A few months ago I spotted pear preserve making pictures on the Facebook page of a lovely member of our Pennsylvania community. She made the preserves from the pears off the trees on her property.
I'm normally not big on asking people for things. But this time I was all over it. I was already planning a macaron flavor and I hadn't even begged for some.
Thankfully, she graciously forked over not only one, but two jars. Wow. So delish, intense pear flavor and they look so beautiful. A perfect gift. The shell flavor had to do them justice.
So I temporarily scrapped my original concept and spent some time exchanging it in my head for some more complicated, fancy ideas.
Then.... eventually I went back to the original thought. Pear and ginger. Ginger and Pear. Who can beat that combo? Besides, Ginger can do anything backwards and in heels and make it fabulous.
Glad I stuck with the first flavor idea. The sting of the ginger wrapped around these sweet pear preserves is the perfect pairing.
Thank you! Love my Milford neighbors.
Ginger French Macarons with
Pear Preserves Filling
For the Ginger Macaron Shells:
Use a kitchen scale for precise measurements.
- 90 grams of egg whites - aged at least 2 days. Let them sit out on the counter uncovered.
- 25-50 grams extra fine white granulated sugar
- 200 grams of powdered sugar
- 110 Grams of almond flour*
- 2 tablespoons ground ginger
- Pinch of cream of tarter
- Pinch of salt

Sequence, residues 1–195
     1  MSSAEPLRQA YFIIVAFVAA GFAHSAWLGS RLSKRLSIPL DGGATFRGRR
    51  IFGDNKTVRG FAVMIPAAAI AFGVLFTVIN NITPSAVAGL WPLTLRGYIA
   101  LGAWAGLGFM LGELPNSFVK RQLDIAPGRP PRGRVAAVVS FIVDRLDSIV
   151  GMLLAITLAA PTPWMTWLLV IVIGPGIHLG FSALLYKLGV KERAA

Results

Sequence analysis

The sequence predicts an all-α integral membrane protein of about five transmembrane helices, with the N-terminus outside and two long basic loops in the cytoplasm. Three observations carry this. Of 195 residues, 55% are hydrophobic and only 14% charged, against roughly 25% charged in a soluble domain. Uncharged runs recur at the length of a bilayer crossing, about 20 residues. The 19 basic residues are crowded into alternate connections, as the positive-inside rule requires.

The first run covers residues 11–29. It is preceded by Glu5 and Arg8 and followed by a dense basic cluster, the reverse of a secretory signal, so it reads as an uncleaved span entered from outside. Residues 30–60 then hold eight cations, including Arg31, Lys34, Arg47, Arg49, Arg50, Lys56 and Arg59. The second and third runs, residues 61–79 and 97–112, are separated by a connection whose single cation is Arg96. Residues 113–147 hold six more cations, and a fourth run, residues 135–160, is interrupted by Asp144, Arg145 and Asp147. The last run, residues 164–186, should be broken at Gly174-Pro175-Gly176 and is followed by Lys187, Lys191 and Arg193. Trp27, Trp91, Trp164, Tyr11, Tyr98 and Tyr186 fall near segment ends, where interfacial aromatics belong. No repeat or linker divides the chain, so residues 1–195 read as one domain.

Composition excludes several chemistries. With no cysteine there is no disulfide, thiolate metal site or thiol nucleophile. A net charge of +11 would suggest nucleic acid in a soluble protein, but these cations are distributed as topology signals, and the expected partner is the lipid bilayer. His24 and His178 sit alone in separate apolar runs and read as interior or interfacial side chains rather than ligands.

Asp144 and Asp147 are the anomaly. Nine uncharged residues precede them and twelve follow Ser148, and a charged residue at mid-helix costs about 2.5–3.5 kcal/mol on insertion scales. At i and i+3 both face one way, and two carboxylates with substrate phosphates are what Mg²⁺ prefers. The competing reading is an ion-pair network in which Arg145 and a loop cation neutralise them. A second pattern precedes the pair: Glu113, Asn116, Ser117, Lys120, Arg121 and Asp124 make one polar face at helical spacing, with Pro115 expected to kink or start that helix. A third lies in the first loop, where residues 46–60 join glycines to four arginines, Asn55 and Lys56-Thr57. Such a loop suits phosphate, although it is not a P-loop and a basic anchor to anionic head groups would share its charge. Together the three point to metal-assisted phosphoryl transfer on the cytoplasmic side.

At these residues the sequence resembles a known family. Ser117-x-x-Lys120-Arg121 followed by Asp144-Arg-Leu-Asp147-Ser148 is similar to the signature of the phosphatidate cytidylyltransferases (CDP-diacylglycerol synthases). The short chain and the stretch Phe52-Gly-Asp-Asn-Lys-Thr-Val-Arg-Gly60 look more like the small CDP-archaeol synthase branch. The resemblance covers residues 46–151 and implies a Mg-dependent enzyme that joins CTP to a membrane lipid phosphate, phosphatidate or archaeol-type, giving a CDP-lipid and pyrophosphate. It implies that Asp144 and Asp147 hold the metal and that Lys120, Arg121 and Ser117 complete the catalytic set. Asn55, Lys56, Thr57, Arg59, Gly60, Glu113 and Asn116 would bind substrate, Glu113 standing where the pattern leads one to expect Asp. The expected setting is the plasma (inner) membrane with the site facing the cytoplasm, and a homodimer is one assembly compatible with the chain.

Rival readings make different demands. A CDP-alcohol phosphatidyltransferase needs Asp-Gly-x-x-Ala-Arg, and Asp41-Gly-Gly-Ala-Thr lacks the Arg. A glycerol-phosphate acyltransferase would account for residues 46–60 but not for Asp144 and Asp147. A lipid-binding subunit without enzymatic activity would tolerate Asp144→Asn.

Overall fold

- Line two baking sheets with parchment paper or use a silpat.
- Sift the powdered sugar and almond flour together or pulse them together briefly in a food processor. Make sure there are no large pieces.
- Remove two tablespoons of the powdered sugar/almond mixture and discard. Replace with two tablespoons of the ginger powder. Side Note: Instead of discarding, I collect these tablespoons of mixture in a separate ziplock bag and when I have enough I use it to make a half batch or full batch of shells. Pulse or whisk until combined thoroughly.
- Whip the egg whites. When they start to get foamy, slowly add the sugar. Continue whipping until you can turn the bowl upside down and nothing slides out. Add the pinches of salt and cream of tartar.
- Add the powdered sugar/almond/ginger powder mixture to the egg white mixture and fold, using quick strokes at first then slow down. The batter should have a "flowing like lava" consistency. Make a peak of the batter and if it does not disappear after 5-7 seconds, keep folding. If it's running all over the place, you will probably have to start over. Place a pastry bag fitted with a round shaped tip in a tall water and and fold the edges down around the glass.
- Fill the pastry bag with the macaron batter, twist the open top to secure and pipe circles onto a baking sheet lined with parchment paper or on a Silpat.
- Let the macarons dry for about a half hour or until they harden.
- Preheat oven to 325 degrees F.
- Place the macarons on the middle rack in the oven. I keep the oven door propped open with a dish towel or wooden spoon.
- I place another empty baking sheet on top to prevent the shells from becoming toasted and discolored.
- Bake for 18-20 minutes.
- When checking them after 10 minutes or so, if the ones in the back of the sheet seem to be cooking faster that the ones in front, flip the tray around.
- To test to see if they are done, peel the baking paper or silpat away from one of the shells. If the shell comes off easily, they are done.
- If you do have a problem with the shells sticking to the surface when removed from the oven, lift up the baking paper and pour a bit of water underneath. this will steam them off the paper.
- Transfer to a baking rack and let cool completely before matching up the shells into pairs according to size.
- Fill with pear preserves or your choice of filling.